Collective purchasing was the answer; using their combined buying power to cut the cost for each congregation. A lot of them had expensive and complicated photocopiers to produce their bulletins and service leaflets. Leon negotiated a master agreement with Staples that cut that cost by 60%, and nobody trained in theology had to worry about maintaining a printer. Similar savings were found on cleaning supplies. They did the same thing with heating oil; a major expense in eastern Canada. One church saved $6,000 a year after signing up. 100% of the 500 churches in eastern Canada joined that program. Buying video licenses together cut costs by 75%. 

Advocacy was a part of the offering. Tech Soup is a global non profit that offers free or deeply discounted licenses for basic software like Microsoft Office, but religious groups were not allowed to receive them by the California based organization. Leon struck a deal and the United Church got the free software.

If that sounds like a good idea, check out the cooperative purchasing alliance. Started in Durham, NC, it’s since spread to Washington, DC, Boston and Chicago, offering similar savings through collective buying power to churches, charter schools and other groups.

Once the churches discovered enough cost savings delivered by the denomination to perhaps pay the choir director and more from the money saved, they were ready to listen and be part of a plan that imagined a future. Trust built by the denomination delivering real, measureable benefits, coupled with the long term commitment to investing in the future of the church are the reasons for the United Church’s success with their integrated innovation program, called Edge.

The example of what happened in the city of Guelph in the province of Ontario shows the way the church found a way to re-engage with its local community, and be at the center of creating what’s needed next.

They began by holding a roundtable discussion on the future of Guelph. Church members were afraid, Leon said. Worried that the community didn’t like the church, thought it was an old and irrelevant artifact, and people wouldn’t show up.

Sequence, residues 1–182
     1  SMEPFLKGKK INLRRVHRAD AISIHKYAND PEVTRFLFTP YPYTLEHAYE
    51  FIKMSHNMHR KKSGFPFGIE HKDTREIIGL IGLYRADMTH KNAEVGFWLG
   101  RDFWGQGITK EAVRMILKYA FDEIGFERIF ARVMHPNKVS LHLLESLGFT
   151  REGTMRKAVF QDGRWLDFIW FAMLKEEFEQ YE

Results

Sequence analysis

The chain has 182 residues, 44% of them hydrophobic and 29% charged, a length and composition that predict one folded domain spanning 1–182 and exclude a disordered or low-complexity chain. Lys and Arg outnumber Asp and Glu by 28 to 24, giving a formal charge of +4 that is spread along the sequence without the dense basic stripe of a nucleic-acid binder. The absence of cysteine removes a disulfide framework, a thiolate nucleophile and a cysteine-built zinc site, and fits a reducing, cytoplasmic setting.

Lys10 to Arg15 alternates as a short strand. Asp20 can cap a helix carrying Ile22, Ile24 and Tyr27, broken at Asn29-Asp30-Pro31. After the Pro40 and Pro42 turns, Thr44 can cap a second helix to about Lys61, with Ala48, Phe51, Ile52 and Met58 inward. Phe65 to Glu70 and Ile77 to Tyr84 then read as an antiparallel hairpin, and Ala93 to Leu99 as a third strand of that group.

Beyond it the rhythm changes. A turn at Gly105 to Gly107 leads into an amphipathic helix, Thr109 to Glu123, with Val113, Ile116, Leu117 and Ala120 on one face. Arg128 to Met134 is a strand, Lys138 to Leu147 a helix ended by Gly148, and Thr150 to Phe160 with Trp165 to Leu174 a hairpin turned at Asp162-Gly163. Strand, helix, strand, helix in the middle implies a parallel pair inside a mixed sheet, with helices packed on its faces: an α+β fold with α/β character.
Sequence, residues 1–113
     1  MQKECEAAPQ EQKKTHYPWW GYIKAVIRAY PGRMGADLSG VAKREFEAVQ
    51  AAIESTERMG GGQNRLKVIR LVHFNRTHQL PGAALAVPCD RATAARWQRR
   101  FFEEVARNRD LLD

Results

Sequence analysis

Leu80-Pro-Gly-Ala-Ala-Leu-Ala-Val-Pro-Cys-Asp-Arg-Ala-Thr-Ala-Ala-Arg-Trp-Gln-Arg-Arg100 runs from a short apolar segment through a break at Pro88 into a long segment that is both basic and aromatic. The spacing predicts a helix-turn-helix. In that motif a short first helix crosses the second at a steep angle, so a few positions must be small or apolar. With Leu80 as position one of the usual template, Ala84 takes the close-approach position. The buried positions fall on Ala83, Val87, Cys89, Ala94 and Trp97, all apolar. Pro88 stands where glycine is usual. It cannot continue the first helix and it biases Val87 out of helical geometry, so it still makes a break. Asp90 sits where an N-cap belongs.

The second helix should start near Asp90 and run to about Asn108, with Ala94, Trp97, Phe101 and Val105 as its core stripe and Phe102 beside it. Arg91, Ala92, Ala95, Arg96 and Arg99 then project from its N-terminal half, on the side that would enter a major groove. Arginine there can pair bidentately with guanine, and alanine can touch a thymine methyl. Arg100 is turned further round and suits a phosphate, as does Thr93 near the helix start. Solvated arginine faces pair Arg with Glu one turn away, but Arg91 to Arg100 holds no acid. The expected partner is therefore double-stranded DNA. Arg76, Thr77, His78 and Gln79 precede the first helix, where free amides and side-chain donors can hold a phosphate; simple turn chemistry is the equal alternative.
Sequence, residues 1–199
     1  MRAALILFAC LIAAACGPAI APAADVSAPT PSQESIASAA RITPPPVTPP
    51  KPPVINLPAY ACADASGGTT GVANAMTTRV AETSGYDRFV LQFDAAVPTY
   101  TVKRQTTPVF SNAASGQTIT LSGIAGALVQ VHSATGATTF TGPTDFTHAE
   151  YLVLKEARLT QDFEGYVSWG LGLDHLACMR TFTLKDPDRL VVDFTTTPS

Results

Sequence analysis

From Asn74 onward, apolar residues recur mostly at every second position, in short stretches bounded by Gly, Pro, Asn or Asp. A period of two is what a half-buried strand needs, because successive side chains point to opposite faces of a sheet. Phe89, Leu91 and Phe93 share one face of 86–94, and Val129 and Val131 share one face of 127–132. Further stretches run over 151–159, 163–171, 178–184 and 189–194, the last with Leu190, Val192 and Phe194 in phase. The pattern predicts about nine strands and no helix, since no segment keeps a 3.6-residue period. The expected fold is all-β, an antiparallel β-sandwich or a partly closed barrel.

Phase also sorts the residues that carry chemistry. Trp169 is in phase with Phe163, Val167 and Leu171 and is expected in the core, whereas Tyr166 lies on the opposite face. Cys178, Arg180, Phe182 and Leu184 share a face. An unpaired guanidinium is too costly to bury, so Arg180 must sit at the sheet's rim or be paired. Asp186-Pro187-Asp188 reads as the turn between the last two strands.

“They were petrified,” Leon recalled. “But they invited 60 people they knew and were attached to in the neighborhood. 42 showed up on the zoom call in June of last year, including the head of the local United Way, someone from a local university, a large non profit and seven active church members. “ After the meeting, Leon gathered the seven and said three of you need to decide this is not your job; the churches’ role needs to be diminished to give the community more control.

At the next gathering, the CTO of a local software company said the group could benefit from agile thinking that lets innovative software teams iterate rapidly and change course when needed. He led the third gathering and they built in some processes that enabled rapid innovation. At that meeting, a millennial woman who was off work that day unmuted herself and said she had sat angry and frustrated and disappointed in her room during the pandemic, but that she thought this was maybe something different and that she could be part of it.

Working groups on affordable housing and empowering young people have formed and are making progress.

Leon and her team have led that process in more than 100 communities around Canada, often with similar results. “The church is at the center,” Leon says, “but it’s not dominating, instead it’s relinquishing control and creating a table and opening it wide.”

Here is the United Church’s capital stack, from smallest to largest as the innovation goes from idea to reality to scaling and replication:

They also run a pitch competition called the Social Innovation Challenge in 5-10 cities a year.